Just take it easy and remember you need to get home in one piece.
Credit to u/ShedDwarf on Reddit, he took his lumps and shared his lesson. He bought a bike and rode it for a while before getting all of the gear he needed. He’s OK, but ouch. Seriously… helmet, gloves, jacket, pants, boots — you need them all.
I feel bad for this girl because she got hurt, but she’s lucky it wasn’t worse. I don’t know these people so I don’t know their motivations, but I’d like to point out some troubling things about this.
It’s obvious she’s a new rider.
She was not ready for this ride in terms of her ability.
Her bike is a Yamaha R6, a race bike with some of the worst ergonomics for a beginner. It’s tall and you’re leaned very far forward.
She can barely get her toes on the ground when sitting on the bike.
She had plenty of road and the bike could have made that turn without breaking a sweat, but she panicked. I can only guess, but this is typically due to target fixation; i.e. she was staring at the guard rail instead of looking ahead through the turn and freaked out when she saw it getting closer.
Her Instagram account is full of photos of her wearing inadequate gear. Tennis shoes, tight jeans and an Icon armor vest are not going to do much in a crash. You need a leather jacket with elbow armor. Real riding pants with knee armor. Boots that will actually protect your feet and ankles.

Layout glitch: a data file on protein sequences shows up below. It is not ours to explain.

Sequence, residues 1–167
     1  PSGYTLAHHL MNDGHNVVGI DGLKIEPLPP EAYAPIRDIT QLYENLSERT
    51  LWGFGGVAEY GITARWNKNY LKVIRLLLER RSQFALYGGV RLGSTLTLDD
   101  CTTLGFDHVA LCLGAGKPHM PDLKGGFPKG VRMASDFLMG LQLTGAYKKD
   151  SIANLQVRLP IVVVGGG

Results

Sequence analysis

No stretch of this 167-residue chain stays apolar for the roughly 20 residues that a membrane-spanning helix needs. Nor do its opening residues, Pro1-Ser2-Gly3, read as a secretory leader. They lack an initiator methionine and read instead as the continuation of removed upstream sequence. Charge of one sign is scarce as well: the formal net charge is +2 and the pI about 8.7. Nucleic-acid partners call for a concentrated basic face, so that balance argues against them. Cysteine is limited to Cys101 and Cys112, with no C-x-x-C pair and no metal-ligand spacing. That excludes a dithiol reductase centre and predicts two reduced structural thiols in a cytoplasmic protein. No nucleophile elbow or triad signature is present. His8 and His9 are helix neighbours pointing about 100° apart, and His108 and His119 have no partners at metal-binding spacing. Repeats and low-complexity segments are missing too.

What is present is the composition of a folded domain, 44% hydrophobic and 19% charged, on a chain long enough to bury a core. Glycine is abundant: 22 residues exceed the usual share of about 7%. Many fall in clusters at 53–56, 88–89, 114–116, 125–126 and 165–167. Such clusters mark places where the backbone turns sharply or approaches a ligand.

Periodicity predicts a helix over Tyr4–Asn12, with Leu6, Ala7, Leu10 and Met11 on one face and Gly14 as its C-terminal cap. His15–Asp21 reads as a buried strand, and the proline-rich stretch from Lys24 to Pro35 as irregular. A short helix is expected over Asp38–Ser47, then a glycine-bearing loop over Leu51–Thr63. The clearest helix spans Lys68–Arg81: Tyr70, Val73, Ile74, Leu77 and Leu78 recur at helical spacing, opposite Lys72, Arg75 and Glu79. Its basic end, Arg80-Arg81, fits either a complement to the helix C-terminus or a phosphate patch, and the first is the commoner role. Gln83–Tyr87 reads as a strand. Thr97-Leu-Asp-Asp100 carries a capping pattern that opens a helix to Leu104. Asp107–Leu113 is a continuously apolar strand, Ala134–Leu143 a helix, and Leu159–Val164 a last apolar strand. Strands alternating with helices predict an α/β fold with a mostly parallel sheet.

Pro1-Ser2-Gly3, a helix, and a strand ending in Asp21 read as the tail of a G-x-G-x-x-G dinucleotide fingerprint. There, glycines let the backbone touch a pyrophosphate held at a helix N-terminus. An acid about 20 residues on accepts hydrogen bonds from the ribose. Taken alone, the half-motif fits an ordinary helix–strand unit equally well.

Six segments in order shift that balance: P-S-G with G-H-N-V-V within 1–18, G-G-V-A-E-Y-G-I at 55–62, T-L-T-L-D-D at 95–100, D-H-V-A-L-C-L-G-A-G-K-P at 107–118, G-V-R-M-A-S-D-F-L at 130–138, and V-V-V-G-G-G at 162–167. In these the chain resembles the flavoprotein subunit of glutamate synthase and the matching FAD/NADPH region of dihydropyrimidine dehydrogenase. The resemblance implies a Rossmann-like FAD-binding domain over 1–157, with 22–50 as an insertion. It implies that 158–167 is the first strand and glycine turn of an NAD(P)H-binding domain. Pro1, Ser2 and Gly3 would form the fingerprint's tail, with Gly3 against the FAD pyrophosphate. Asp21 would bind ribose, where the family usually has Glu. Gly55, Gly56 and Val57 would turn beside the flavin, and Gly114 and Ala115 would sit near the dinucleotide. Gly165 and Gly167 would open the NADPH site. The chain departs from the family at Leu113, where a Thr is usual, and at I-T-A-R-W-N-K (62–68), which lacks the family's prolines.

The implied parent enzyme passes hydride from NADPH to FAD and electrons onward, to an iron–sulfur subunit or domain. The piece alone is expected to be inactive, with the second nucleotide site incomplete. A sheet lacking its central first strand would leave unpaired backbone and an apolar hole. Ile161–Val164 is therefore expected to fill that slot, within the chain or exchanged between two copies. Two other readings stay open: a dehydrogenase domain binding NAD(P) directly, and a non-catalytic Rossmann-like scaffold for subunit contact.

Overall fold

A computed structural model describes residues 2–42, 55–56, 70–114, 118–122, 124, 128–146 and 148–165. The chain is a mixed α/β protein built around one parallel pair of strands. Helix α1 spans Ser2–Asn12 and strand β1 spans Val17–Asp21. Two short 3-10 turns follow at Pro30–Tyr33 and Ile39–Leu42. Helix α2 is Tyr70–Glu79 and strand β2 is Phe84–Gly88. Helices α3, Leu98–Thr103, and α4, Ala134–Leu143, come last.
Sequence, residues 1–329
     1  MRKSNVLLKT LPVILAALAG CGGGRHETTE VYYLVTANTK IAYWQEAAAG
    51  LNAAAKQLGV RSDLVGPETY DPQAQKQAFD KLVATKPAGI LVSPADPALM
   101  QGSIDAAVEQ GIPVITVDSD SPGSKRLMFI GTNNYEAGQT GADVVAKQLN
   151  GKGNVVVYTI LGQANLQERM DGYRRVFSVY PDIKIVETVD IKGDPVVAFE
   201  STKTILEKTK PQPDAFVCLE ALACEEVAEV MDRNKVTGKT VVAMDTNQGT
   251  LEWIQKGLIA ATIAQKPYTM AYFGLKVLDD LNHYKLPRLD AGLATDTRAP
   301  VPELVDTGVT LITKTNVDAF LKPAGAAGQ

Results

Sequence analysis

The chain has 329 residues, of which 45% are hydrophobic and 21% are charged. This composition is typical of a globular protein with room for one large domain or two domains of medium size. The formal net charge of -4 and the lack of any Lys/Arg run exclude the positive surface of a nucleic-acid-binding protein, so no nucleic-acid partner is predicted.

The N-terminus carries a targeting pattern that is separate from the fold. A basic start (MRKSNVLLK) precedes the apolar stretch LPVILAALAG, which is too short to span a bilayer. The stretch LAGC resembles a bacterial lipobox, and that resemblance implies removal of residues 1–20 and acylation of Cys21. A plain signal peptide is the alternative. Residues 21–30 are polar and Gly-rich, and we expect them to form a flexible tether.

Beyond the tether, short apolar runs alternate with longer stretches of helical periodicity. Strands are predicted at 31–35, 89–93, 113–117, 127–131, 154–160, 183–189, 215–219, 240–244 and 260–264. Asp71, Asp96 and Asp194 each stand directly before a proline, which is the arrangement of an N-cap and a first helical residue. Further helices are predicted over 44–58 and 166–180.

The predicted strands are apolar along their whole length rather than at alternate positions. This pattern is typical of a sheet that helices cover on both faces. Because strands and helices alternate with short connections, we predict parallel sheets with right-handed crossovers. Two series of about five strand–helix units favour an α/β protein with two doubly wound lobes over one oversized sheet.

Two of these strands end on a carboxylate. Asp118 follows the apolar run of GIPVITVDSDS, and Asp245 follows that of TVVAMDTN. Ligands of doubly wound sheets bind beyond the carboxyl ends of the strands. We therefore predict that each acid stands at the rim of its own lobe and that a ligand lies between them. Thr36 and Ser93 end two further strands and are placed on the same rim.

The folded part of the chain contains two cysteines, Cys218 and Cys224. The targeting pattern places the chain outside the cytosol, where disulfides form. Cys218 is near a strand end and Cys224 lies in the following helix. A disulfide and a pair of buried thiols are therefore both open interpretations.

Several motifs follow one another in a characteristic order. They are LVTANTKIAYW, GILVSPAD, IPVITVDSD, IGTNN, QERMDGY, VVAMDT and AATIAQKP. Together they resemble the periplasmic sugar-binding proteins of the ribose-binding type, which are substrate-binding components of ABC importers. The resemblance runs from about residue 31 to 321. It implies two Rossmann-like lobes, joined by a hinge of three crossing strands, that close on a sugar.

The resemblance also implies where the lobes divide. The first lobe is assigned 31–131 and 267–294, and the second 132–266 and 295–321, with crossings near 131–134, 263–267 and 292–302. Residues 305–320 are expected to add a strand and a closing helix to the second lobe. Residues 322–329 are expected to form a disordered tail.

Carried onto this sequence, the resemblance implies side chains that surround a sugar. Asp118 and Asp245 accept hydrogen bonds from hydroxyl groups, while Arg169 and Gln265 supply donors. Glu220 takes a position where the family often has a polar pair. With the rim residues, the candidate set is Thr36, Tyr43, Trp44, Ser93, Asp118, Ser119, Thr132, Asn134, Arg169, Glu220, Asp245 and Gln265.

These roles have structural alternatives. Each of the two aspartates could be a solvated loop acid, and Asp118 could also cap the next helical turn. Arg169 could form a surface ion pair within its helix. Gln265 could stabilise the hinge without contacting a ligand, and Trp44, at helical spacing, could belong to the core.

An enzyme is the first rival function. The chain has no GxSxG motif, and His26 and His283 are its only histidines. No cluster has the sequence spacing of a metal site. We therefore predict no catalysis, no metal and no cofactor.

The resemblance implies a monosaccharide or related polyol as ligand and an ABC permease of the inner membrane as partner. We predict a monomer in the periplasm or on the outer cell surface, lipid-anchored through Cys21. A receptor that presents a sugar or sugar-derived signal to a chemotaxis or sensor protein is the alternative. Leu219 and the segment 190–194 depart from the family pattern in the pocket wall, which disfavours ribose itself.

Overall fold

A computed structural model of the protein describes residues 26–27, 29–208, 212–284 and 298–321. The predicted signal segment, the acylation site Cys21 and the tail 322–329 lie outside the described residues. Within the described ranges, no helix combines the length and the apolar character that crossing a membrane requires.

This poor person was completely unprepared to try riding a motorcycle for the first time; the end results are painful and costly. Granted I don’t know anything past what’s here in the video, but there are some important things to point out for beginners:
As humans, our tendency is to freeze when things go wrong in this type of situation. She could have just let go of the throttle or pulled in the clutch lever, but froze instead due to a lack of experience. Keep in mind this is a Yamaha R3 with only a 321cc engine. Now imagine an R6 with a 600cc engine and how much worse it could have been. This is mostly why I never endorse getting a 600cc sportbike for a starter bike.
She obviously has no experience and was given poor or little instruction at all. Riding a motorcycle is hard for beginners, especially if they’ve never operated a vehicle with a manual transmission and clutch. Good training such as the MSF course can literally save someone’s life.
Don’t let someone ride your bike if they haven’t had any training. Even if they’re a friend, you may find yourself liable for their injuries or damages they’ve caused, or worse. Don’t do it.
I don’t know the true source of this video, but found it on Reddit here:
Supermoto can seem weird to the uninitiated. A dirt bike with street tires? It’s not until after you’ve ridden a supermoto bike that you understand. They’re incredibly light bikes that you can flick with ease, making them amazingly fun in tight turns and the genesis of photos with riders purposely fishtailing into corners. If you’ve never ridden one but want to learn how, you do what I did — go to Socal Supermoto at the Adams Kart Track in Riverside, California and have Brian Murray show you what it’s all about. Continue reading “Supermoto School: Where Racers Learn”